One of the things I like about Noah’s argument is that he fully concedes that puritanical zeal is not a right-wing or left-wing thing; it’s a human thing that plays itself out in less-than-tidy ideological categories. For instance, as an intellectual and ideological matter, I think the progressives of early 20th century America were on the left, and I can make that case for hours if need be. But as a cultural matter, if you define the left by what the left means today (at least what it means to the left), the progressives of a century ago were right-wing: hyper-Christian, militaristically patriotic, often racist, relentlessly moralistic, passionately committed to the gender binary, etc. The old Moral Majority types of the 1980s were clearly on the right, but psychologically they resemble today’s left-wing Puritans in their moral panic over various forms of wrongthink.

If you try to follow who has the puritanical ball when it comes to sexual conduct, you’ll get whiplash. The sexual revolutionary feminists of the 1960s and 1970s were very licentious. By the 1980s and early 1990s, they became zealous in their opposition to sexual harassment and even pornography. But when Bill Clinton got caught in the snare of zero tolerance, they fumbled the ball and the right picked it up. Then, in response to Harvey Weinstein and Donald Trump, the ball changed possession again with the rise of #MeToo.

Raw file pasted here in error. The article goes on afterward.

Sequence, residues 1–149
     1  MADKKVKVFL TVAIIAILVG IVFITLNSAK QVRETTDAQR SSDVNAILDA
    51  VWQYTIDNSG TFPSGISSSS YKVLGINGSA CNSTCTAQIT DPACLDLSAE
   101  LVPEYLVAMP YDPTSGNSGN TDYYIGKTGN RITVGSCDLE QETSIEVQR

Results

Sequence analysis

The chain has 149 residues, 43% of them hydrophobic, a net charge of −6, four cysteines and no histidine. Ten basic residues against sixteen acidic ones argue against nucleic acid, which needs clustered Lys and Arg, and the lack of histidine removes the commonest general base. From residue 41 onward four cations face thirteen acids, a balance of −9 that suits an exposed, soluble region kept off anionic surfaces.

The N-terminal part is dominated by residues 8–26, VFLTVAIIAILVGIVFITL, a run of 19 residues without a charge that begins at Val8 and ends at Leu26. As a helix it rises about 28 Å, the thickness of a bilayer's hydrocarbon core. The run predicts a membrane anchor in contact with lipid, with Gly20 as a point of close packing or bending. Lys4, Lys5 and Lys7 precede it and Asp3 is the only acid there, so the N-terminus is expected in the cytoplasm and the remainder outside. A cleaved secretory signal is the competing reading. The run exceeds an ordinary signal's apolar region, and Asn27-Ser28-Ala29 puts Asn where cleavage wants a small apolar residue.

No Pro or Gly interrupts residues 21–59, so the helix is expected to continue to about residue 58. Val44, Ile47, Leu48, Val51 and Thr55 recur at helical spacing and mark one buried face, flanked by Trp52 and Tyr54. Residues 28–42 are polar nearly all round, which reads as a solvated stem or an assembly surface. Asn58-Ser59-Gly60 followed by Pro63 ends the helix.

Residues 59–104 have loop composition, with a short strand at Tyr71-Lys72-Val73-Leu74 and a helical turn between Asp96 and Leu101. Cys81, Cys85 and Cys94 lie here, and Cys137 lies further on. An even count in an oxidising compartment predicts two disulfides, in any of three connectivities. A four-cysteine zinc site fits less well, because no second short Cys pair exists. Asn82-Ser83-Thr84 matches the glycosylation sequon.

It’s the illiberalism, stupid.

Perhaps the best way to think about the menace of totalism is to look not at what the Puritans want to do­, but how they want to do it. In a liberal democracy, we’re all free to make arguments. That’s because democracy is a system for dealing with disagreement more than it is a system for finding agreement. Joe Biden’s pabulum about “unity” being the answer to all of our problems notwithstanding, this country is never really united over any policy. What it is supposed to be united over is how we settle on any given policy—democratically, in accordance with the rule of law and the Constitution.

The defining feature of totalism, in culture, politics, and even religion, is illiberalism.

Liberalism used to be a term that defined a mode of thinking more than a mode of government. Americans of the right and left used the term freely and proudly to describe themselves. It implied a certain openness to opposing viewpoints, a fairness in decision-making, and a hostility to various forms of prejudice and bigotry.

Illiberalism is most offensive and easiest to identify when it’s backed up by the power of the state. But there’s plenty of illiberalism outside of the government. As Charlie Cooke likes to point out, two of the institutions that are supposed to be most committed to liberalism, rightly understood, are major newspapers—especially the op-ed pages—and universities. The two things are not unrelated. Newspapers are dominated from below by young strivers from elite universities. They’ve learned that disagreement is impermissible dissent from orthodoxy. Using the wrong words, never mind making the wrong argument, is counter-revolutionary.

In The Rise of the New Puritans, Noah quotes Jonathan Haidt:

“A funny thing happens when you take young human beings, whose minds evolved for tribal warfare and us/them thinking, and you fill those minds full of binary dimensions,” university professor and author Jonathan Haidt said in a 2017 lecture. “You tell them that one side in each binary is good and the other is bad. You turn on their ancient tribal circuits, preparing them for battle. Many students find it thrilling; it floods them with a sense of meaning and purpose.”